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Michael Learned

ENTERTAINMENT
September 26, 1989 | HOWARD ROSENBERG
This is living? Premiering at 8:30 tonight on Channels 7, 3, 10 and 42, ABC's "Living Dolls" is the last of the fall season's new comedies, and the least. If ever there was evidence of the creative cupboard being bare, this is it--a "Who's the Boss?" spinoff that imitates "The Facts of Life." Why don't they ever clone the good ones? "Living Dolls" was created by Ross Brown (a former writer and supervising producer on "The Facts of Life") and will regularly air at 8:30 p.m. Saturdays.
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ENTERTAINMENT
September 24, 1991 | RAY LOYND
On occasion, a motion picture-for-TV production company jumps on a true-life story with the alacrity of a news crew. It seems like only yesterday that a 23-year-old New Hampshire high-school teacher made headlines for manipulating her student lover into killing her husband. Tonight, CBS' "Murder in New Hampshire: The Pamela Smart Story" (at 9 p.m. on Channels 2 and 8) re-creates the seduction, lust and subsequent murder trial that resulted in a verdict six months ago to the day.
ENTERTAINMENT
March 9, 1986 | DAN SULLIVAN
"Is your department fair or is it sexist?" one of my favorite editors asked me the other day. "Fair," I replied. "Then why do you use the term actress ?" "Why shouldn't we? It does the job. Actress. A lady who acts. Uh, a woman who acts." "A female actor." "Right." "You don't see the condescension in that?" "No." "If you were a woman, you would." Talk about condescension. But after a similar conversation at home, I am willing to concede that we may have an issue here.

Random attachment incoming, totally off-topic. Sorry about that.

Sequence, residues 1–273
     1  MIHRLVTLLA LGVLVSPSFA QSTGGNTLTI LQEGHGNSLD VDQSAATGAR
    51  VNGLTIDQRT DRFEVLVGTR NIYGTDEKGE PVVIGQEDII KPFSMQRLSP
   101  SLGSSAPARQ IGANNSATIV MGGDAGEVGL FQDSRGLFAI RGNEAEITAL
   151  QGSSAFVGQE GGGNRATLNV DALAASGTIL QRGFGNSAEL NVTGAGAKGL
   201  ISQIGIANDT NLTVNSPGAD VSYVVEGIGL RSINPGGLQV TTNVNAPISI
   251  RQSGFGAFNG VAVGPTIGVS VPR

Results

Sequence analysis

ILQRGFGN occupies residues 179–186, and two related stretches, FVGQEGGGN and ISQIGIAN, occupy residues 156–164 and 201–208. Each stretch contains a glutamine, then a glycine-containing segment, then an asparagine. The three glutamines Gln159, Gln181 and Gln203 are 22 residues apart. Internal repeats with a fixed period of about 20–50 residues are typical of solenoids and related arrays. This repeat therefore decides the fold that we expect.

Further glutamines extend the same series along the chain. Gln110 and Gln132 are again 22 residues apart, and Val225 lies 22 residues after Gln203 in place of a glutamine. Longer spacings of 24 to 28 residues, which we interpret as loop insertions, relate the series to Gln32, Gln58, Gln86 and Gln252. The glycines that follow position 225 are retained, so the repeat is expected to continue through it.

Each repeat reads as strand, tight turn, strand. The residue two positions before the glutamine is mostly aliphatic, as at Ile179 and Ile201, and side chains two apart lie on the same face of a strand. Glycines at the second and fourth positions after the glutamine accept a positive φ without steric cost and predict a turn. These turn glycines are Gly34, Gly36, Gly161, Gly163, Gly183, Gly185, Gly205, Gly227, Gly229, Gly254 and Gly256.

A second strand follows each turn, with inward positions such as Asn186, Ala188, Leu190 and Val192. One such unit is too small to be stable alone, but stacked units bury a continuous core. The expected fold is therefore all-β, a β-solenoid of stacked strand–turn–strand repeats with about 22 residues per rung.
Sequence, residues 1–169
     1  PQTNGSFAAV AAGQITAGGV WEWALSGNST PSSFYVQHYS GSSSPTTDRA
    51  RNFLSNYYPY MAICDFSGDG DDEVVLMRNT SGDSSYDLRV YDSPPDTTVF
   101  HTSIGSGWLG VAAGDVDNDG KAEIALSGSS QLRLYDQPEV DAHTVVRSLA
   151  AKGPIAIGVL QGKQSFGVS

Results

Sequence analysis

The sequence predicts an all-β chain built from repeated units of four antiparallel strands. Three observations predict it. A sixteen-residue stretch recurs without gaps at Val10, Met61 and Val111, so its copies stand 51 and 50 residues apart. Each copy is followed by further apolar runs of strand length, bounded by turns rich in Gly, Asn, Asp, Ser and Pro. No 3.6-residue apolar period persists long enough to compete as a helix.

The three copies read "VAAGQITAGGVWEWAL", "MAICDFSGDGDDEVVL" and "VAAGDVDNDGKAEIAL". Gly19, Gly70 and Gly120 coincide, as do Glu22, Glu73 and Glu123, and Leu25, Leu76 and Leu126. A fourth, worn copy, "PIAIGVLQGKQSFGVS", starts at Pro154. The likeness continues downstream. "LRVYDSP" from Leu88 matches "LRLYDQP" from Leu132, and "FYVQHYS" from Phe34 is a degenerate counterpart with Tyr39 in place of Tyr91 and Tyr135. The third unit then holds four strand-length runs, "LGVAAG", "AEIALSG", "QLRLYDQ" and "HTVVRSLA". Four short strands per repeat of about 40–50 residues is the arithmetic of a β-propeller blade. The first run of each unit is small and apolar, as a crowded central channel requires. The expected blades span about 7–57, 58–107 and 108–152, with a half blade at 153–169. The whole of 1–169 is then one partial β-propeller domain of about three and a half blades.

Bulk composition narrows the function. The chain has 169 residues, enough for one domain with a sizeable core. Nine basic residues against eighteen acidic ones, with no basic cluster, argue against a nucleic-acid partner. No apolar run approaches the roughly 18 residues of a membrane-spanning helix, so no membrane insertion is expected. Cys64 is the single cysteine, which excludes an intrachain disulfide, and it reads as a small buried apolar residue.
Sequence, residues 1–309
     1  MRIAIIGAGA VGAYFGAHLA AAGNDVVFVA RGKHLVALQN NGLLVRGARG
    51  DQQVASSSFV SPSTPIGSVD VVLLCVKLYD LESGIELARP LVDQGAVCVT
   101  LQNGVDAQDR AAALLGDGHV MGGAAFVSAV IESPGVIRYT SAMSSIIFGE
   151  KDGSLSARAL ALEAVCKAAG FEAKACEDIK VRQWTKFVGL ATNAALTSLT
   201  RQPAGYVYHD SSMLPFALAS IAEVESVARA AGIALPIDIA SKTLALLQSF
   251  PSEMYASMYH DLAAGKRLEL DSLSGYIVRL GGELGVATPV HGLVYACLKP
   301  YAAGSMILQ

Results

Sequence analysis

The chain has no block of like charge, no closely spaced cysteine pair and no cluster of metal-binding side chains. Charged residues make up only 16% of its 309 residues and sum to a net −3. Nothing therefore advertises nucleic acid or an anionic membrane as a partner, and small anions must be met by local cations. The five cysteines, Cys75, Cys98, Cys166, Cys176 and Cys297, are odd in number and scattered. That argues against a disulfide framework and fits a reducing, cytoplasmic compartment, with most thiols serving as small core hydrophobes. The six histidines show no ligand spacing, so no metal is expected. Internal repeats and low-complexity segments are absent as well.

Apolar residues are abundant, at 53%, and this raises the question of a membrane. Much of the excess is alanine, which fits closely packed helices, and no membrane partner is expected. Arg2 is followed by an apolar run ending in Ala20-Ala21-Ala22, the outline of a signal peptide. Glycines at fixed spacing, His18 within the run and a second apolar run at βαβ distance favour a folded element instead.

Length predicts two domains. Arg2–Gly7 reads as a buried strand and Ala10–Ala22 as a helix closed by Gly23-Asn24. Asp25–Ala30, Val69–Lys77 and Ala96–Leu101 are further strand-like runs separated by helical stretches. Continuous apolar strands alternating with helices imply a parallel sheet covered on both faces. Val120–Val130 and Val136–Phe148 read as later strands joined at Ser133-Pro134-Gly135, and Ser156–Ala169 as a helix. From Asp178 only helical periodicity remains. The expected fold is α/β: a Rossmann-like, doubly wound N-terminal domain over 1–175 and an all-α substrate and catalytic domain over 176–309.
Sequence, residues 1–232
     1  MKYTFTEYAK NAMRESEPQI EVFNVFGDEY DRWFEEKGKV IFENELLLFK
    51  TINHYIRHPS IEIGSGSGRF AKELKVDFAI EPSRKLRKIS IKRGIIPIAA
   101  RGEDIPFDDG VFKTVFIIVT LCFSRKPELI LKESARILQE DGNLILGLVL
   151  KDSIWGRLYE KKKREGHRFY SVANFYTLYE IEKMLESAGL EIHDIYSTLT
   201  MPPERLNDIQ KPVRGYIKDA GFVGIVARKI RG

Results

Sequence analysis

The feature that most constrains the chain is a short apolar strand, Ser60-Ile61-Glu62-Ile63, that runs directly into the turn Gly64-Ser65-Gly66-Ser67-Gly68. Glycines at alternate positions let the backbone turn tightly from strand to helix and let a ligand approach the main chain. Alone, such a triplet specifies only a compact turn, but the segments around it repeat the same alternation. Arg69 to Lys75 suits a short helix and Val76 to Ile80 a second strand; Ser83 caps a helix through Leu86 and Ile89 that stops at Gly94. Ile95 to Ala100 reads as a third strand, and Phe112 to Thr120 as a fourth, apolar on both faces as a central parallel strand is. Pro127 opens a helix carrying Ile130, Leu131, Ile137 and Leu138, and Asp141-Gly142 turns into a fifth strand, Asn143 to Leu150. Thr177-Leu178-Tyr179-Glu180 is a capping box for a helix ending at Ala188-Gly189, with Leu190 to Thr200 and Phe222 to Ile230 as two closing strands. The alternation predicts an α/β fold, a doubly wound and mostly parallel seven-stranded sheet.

CALIFORNIA | LOCAL
December 8, 1995 | KAY HWANGBO
Local residents' reaction was mixed Wednesday night to a proposal by Sherman Oaks Fashion Square to replace The Broadway store with Bloomingdale's. At the meeting, community activists and aides to City Councilman Michael Feuer learned from mall representatives of their plans to expand The Broadway store by 42,000 square feet to accommodate Bloomingdale's.
ENTERTAINMENT
June 1, 1995 | NANCY CHURNIN
The Old Globe Theatre's shimmeringly lovely production of "Dancing at Lughnasa" offers a timely reminder of the quiet desperation of women in more limited times. The genteel poverty of the five hard-working Mundy sisters in 1936 Ballypeg, Ireland, is bluntly captured by Ralph Funicello's set--a poor, worn kitchen without walls, surrounded by the wilds of the fields outside. It suggests their absolute vulnerability to the vicissitudes of the outside world.
ENTERTAINMENT
January 31, 1986 | SHEILA BENSON
If power is the ultimate aphrodisiac, why is Sidney Lumet's "Power" (selected theaters) the sexless diatribe that it is, all high-tech visuals and no emotional grounding? Its sole juiciness comes from Gene Hackman as a raffish Southern media consultant, well-cured in bourbon and branch water. The outlandish daring of his performance is almost rave-up enough to recommend the movie. Almost.
ENTERTAINMENT
January 12, 1996 | LAURIE WINER, TIMES THEATER CRITIC
With "Three Tall Women," a play first produced in Vienna in 1991, Edward Albee strides into the mature stage of an erratic career. And how better to show off accumulated wisdom and style than by focusing on the two big Ms--Mortality and Mother. It seems fair to speculate that Albee, now 67, has reached a point at which he can begin to understand the adoptive mother from whom he was estranged for most of his adult life.
ENTERTAINMENT
April 13, 2001 | DON SHIRLEY, TIMES THEATER WRITER
Crossing from one gender to another is such a dramatic journey that it's surprising there haven't been more plays on the subject. Jane Anderson's "Looking for Normal," getting its world premiere at the Geffen Playhouse, manages the task of covering one such journey with a light touch, yet without making fun of the protagonist or anyone else. It also offers a compassionate and convincing case that human ties can transcend gender.
ENTERTAINMENT
March 24, 1999 | MICHAEL PHILLIPS, TIMES THEATER CRITIC
When Joe Orton saw Tom Stoppard's "Rosencrantz and Guildenstern Are Dead" in 1967, he acknowledged in his diary that Stoppard's riff on "Hamlet" contained "a wonderful idea . . . how I wish I'd stumbled upon it." Orton imagined richly ironic possibilities, with Shakespeare's graduate students yakking away while the world goes to hell. Four months later, the most notorious English dramatist of the '60s was murdered by longtime companion Kenneth Halliwell.
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